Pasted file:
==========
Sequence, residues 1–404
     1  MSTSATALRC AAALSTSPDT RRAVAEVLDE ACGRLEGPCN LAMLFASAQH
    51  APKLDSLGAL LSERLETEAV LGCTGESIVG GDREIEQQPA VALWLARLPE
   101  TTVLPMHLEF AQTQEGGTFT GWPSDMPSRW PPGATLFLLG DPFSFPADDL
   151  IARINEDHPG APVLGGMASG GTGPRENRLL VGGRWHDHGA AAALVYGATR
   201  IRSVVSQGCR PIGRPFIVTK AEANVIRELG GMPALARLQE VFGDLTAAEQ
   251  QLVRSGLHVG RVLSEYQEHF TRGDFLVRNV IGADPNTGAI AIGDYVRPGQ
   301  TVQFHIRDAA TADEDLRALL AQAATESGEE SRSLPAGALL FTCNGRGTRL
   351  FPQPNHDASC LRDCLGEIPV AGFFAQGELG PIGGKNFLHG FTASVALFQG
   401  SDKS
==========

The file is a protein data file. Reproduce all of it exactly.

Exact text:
Sequence, residues 1–404
     1  MSTSATALRC AAALSTSPDT RRAVAEVLDE ACGRLEGPCN LAMLFASAQH
    51  APKLDSLGAL LSERLETEAV LGCTGESIVG GDREIEQQPA VALWLARLPE
   101  TTVLPMHLEF AQTQEGGTFT GWPSDMPSRW PPGATLFLLG DPFSFPADDL
   151  IARINEDHPG APVLGGMASG GTGPRENRLL VGGRWHDHGA AAALVYGATR
   201  IRSVVSQGCR PIGRPFIVTK AEANVIRELG GMPALARLQE VFGDLTAAEQ
   251  QLVRSGLHVG RVLSEYQEHF TRGDFLVRNV IGADPNTGAI AIGDYVRPGQ
   301  TVQFHIRDAA TADEDLRALL AQAATESGEE SRSLPAGALL FTCNGRGTRL
   351  FPQPNHDASC LRDCLGEIPV AGFFAQGELG PIGGKNFLHG FTASVALFQG
   401  SDKS